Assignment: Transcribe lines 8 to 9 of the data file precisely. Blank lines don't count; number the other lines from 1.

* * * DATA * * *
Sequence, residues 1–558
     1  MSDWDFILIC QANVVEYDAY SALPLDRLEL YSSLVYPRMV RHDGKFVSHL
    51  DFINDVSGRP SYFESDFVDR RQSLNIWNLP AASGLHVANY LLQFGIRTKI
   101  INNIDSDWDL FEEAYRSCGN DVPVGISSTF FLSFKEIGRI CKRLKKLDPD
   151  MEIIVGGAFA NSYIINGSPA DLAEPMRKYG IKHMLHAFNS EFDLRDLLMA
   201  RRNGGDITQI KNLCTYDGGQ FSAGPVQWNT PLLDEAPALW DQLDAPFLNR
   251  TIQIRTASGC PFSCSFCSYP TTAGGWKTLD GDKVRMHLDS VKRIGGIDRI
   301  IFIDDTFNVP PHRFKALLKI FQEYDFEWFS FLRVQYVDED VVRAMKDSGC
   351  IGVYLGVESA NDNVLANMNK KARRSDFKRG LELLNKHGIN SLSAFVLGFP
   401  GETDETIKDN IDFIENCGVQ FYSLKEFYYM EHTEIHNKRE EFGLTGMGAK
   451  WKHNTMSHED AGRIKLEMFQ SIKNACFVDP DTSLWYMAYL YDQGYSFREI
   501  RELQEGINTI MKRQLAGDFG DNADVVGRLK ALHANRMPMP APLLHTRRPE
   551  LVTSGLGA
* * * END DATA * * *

   301  IFIDDTFNVP PHRFKALLKI FQEYDFEWFS FLRVQYVDED VVRAMKDSGC
   351  IGVYLGVESA NDNVLANMNK KARRSDFKRG LELLNKHGIN SLSAFVLGFP